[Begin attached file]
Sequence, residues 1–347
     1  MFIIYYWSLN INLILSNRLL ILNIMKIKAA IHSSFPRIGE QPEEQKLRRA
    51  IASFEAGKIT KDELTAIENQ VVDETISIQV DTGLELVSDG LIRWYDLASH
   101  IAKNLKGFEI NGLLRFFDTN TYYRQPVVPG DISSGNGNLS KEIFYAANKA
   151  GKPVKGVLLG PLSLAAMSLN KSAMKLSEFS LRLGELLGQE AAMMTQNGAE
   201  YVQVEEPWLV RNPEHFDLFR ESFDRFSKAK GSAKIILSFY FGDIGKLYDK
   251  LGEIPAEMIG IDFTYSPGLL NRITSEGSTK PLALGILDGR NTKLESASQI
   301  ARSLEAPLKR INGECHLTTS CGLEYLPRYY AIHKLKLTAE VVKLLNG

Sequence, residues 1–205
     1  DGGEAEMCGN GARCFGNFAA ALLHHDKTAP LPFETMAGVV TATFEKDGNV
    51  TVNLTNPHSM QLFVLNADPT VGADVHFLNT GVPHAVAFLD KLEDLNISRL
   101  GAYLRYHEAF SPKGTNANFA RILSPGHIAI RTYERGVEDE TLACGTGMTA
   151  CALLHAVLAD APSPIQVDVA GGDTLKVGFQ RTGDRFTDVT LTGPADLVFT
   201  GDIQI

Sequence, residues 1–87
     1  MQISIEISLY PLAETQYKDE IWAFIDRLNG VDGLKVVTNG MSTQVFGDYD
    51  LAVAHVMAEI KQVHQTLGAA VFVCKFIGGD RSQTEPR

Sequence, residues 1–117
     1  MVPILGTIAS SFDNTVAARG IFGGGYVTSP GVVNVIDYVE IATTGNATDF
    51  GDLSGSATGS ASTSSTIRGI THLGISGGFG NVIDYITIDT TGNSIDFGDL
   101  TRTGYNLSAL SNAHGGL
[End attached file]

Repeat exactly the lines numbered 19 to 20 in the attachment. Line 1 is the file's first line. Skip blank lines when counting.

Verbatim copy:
     1  MVPILGTIAS SFDNTVAARG IFGGGYVTSP GVVNVIDYVE IATTGNATDF
    51  GDLSGSATGS ASTSSTIRGI THLGISGGFG NVIDYITIDT TGNSIDFGDL